New research challenges quality control standards for umbilical cord blood

Written by Regenerative Medicine

The peer-reviewed study from Burst Biologics, published in Regenerative Medicine, outlines future safety and potency benchmarks for umbilical cord blood-sourced allografts.

Burst Biologics (ID, USA), a globally recognized institute in pharmaceutical research and tissue bank that services communities across the U.S., has published a research study entitled “Characterization of an umbilical cord blood sourced product suitable for allogeneic applications” in the prestigious peer-reviewed journal Regenerative Medicine. This study is part of Burst Biologics’ ongoing commitment to the production of groundbreaking research.

The article provides a comprehensive overview of the quality attributes, clinical suitability, and efficacy of BioBurst Rejuv, an umbilical cord blood (UCB)-sourced allograft, defined as a tissue graft from a donor of the same species.

Previous research has demonstrated that UCB contains cytokines and growth factors, components that are integral to bone consolidation and tissue repair.

“This current study addresses the unmet need for a uniform quality control framework to determine clinical suitability and safety of cord blood allografts,” said Christopher D. Jones, CEO of Burst Biologics and a corresponding author of the paper. “This is the first known published report enumerating the tests to address identity, purity, safety, and potency for a UCB sourced allograft.”

The study reports on exosome-based therapy, which may be the next quantum leap in regenerative medicine, a field focused on replacing or regenerating human cells, tissue or organs, to restore or establish normal function. The published article identifies a unique liaison among UCB sourced allograft, host mesenchymal stem cells (MSCs) and their secreted exosomes that influences tissue regeneration in vivo.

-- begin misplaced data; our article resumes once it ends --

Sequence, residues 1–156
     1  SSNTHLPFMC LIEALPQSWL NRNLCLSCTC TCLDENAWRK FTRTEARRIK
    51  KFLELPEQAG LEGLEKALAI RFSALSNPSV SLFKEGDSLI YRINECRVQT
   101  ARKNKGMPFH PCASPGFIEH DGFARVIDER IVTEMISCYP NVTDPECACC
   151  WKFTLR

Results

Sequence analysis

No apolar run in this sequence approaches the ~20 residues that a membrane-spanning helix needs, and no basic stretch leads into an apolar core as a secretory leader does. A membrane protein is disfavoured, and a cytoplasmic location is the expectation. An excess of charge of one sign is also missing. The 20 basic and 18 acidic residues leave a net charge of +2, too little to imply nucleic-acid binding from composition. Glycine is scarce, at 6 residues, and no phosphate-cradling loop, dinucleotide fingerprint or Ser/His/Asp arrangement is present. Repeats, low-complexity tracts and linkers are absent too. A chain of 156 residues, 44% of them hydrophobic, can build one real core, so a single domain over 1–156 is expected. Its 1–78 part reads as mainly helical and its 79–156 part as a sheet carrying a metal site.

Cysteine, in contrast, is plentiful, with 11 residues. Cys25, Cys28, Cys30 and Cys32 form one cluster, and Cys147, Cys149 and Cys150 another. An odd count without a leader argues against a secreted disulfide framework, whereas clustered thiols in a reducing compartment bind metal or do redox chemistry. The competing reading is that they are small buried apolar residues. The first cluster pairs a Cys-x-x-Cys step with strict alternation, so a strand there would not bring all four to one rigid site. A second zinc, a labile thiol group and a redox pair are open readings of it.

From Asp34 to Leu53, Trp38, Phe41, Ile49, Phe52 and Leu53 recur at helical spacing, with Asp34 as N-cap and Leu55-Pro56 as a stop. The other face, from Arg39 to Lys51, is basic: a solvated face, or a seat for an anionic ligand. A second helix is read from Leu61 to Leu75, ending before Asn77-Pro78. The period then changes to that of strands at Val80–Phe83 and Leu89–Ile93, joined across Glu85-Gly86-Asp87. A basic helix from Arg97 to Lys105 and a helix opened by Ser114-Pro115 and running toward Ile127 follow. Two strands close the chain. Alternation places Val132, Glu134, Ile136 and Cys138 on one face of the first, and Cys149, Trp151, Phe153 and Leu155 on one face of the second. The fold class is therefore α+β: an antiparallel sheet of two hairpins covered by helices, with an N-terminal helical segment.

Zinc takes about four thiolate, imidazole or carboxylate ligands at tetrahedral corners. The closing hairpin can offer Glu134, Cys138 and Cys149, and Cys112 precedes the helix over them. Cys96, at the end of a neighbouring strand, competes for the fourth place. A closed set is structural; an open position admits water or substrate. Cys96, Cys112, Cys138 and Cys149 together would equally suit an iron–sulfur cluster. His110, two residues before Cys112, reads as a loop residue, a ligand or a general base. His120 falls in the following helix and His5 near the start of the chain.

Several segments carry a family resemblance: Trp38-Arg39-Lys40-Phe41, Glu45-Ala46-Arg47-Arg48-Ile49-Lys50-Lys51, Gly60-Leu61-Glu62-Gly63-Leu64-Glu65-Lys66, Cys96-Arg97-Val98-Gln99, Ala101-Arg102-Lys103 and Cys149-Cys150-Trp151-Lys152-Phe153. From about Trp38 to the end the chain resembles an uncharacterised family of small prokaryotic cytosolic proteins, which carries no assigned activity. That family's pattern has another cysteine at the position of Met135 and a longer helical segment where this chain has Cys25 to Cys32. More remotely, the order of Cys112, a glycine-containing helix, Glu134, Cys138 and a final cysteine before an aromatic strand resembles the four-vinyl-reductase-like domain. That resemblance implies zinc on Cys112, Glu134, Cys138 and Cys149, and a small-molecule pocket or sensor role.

“Based on these findings, clinical suitability of cord blood allografts must account for the non-cellular components while evaluating their promising role in tissue regeneration,” stated Jones. “This study brings us one step closer to optimizing the bounds of regenerative medicine.”

In the study, the identity of BioBurst Rejuv was established by use of flow cytometry, a mass spectrometry-based proteomic approach, and protein multiplexing testing. Microbiological screenings, graft-versus-host disease testing, and endotoxin values were used to assess safety and purity.

The non-cellular components were found to be effective in promoting cell proliferation, migration, and neutralizing redox-stress in vivo and MSCs treated with a UCB-sourced allograft demonstrated boosted potential for tissue regeneration. The UCB-sourced allograft was also found to be functionally stable up to 2 years when stored at optimum conditions.

“Burst Biologics has been pioneering research and product development since its inception,” said Jones. “We are committed to exploring the unique attributes of UCB components and developing future applications that improve lives.”

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